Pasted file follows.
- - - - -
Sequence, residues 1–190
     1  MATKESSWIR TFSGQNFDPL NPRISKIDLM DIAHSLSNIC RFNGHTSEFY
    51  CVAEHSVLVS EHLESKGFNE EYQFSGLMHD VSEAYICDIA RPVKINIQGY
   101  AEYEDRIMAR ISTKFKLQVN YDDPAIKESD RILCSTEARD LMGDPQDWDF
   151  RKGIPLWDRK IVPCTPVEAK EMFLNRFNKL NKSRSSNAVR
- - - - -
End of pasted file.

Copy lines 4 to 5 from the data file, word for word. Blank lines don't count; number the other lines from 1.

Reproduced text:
   101  AEYEDRIMAR ISTKFKLQVN YDDPAIKESD RILCSTEARD LMGDPQDWDF
   151  RKGIPLWDRK IVPCTPVEAK EMFLNRFNKL NKSRSSNAVR